Fury curled in my gut when I watched Lina Wertmüller’s Swept Away for the first time. I was so angry that my neighbors could probably feel my irritation through the walls. The relationship between Gennarino and Raffaella portrayed almost every terrible stereotype about women that I resent; she was a rude, high-maintenance, unreasonable snob who constantly nagged her husband and the help until a “stronger,” “dominant” man came into her life and taught her the “pleasure” women get from being submissive to men. She started to accept his abusive treatment without question until she eventually gives in to his sexual demands and declares her love for him despite his constant sexual, emotional, and physical abuse in the name of male superiority. Vincent Canby from The New York Times even claimed that “Swept Away is the story of their tumultuous, slapstick courtship, his systematic humiliation of her (as she sees it) until, suddenly, she submits to her love for him and becomes in the process truly liberated” (Canby, par. 8), which only reinforced my original interpretation. I thought that Raffaella was really in love with Gennarino; the only reason, I believed, that she turned down going back to the island with him at the end of the movie was because she wanted to return to her rich life. I immediately wrote the film off as misogynistic propaganda.
After reading Ariana Farajollah’s essay on Raffaella’s possible case of Stockholm Syndrome, though, and discussing the film in class, I realized I may have been missing an essential part of the movie that painted Gennarino and Raffaella’s relationship in a completely different light. Swept Away is not portraying the love between a tamed woman and the dominant man who puts her in her place; rather, it is a story about a cold mockery of love born from fear and abuse meant as a means of survival, not affection. Raffaella is not in love with Gennarino, nor is he in love with her; her affection on the island is an attempt to ensure her own survival that immediately shows its true frailty once they return to the mainland while Gennarino’s narcissism prevents him from actually caring about Raffaella as a human being, let alone as a true romantic partner.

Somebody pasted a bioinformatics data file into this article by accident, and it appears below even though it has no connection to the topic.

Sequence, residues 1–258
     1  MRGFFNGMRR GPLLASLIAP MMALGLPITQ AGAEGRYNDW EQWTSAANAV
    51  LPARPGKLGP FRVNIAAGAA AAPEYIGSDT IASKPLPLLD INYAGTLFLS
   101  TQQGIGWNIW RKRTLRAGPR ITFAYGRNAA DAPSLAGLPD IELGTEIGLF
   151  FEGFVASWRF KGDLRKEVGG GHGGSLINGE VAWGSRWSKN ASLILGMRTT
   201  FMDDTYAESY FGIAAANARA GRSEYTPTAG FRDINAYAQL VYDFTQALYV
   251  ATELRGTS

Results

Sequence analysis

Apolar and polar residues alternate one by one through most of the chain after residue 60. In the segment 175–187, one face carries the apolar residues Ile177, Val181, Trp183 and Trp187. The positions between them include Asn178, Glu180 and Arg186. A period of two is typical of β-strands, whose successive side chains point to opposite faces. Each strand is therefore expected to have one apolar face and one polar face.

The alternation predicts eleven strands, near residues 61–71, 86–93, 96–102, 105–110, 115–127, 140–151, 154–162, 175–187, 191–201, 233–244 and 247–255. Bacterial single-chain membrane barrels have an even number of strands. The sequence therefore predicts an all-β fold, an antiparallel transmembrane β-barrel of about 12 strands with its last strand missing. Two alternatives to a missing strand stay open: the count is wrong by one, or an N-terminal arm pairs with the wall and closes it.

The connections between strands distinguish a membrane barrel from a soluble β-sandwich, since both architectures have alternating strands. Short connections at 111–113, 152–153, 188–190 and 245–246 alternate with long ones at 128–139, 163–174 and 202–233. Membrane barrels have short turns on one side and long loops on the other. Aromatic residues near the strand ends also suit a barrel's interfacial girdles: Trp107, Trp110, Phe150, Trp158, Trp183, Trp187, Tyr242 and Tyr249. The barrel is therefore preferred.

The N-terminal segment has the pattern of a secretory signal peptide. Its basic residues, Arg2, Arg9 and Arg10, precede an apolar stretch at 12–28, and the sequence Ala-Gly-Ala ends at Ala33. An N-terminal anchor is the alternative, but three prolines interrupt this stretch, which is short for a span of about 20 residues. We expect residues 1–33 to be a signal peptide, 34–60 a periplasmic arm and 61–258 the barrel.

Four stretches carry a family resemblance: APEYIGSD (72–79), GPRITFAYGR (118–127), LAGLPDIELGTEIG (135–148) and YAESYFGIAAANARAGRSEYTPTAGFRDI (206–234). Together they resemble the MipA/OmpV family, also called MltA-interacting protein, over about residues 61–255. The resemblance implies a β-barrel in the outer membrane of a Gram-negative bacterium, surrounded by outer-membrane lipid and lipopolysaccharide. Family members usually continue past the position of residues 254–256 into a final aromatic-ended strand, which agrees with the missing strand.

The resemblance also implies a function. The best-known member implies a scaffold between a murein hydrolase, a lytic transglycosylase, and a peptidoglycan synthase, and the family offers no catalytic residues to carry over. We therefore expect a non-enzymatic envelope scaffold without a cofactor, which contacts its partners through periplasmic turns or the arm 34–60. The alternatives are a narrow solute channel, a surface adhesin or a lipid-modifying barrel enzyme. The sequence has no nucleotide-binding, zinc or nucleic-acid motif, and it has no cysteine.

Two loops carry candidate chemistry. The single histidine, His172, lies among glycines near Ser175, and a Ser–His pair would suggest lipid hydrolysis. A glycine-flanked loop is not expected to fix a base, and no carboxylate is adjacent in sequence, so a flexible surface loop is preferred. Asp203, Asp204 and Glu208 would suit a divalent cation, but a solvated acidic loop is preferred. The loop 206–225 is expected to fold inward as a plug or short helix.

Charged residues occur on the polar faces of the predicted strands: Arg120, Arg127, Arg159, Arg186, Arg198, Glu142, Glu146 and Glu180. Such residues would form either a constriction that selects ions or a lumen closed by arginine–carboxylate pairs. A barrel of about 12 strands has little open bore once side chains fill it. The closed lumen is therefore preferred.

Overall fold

Raffaella’s transition from an outspoken and intelligent woman to a subservient slave is one of most obvious indicators that the affection she displays for Gennarino is actually a survival mechanism she uses to protect herself from more abuse. Raffaella starts the movie as a woman who speaks her mind without fear; she argues with her husband and expresses her opinion without hesitation, not afraid to open her mouth whenever she has something to say. But when her food is suddenly being controlled by Gennarino, and he begins to abuse her whenever she does something he does not like, she starts obeying everything he says without complaint. To some, Raffaella’s change in attitude may seem like the beginnings of love, as she is willing to submit to Gennarino unlike before; but in reality, her strange shift in behavior may be a sign of something more calculated than pure affection. Sharie Stines, psychologist and expert in trauma and abuse recovery, explains what she calls the “eggshell” mentality in her article titled “Victims of Abuse”: “Victims are notorious for being conditioned to ‘walk on eggshells’ in the relationship in order to try to prevent or minimize any future occurrences of upsetting the abuser…They have learned to be hyper-vigilant to the feelings and reactions of others and have stopped focusing on their own internal feelings” (Stine, par.6). Victims of abuse learn to be as unobtrusive as possible to avoid drawing their abuser’s focus, since less attention means that they may escape more punishment. They learn to heavily consider every move they make and every word they say, constantly aware of the possible consequences if they offend or anger their abuser. This mentality is what drives the immense change in Raffaella’s personality that we see throughout the movie. Every time Raffaella speaks her mind or does something without his permission, Gennarino hits her and berates her. Eventually, just as Stines points out, Raffaella learns that in order to continue to survive on the island, she needs to avoid actions that offend Gennarino, so she changes her behavior to match his expectations. One such instance is when Raffaella bends to Gennarino’s wishes and kneels at his feet, laying her head down in submission to possibly gain some of the rabbit that he just killed. She even goes so far to put Gennarino’s hand on her head to appeal to his demands for control rather than face more punishment, which in this case is starvation (Wertmüller, 01:16:23). She modifies her behavior to become what he wants her to be, growing more sexually promiscuous as an appeal to his demands for sex, and stops fighting for her opinions to avoid the physical abuse. Her actions, therefore, are not performed out of love or affection; they are attempts to gain his approval and curtail his abuse by making it seem like their relationship is something stable and healthy. When viewing her transformation through this lens, Raffaella becomes the victim of an abuser rather than a tamed woman who is saved by the power of male superiority, and the validity of any love for him is cast into doubt.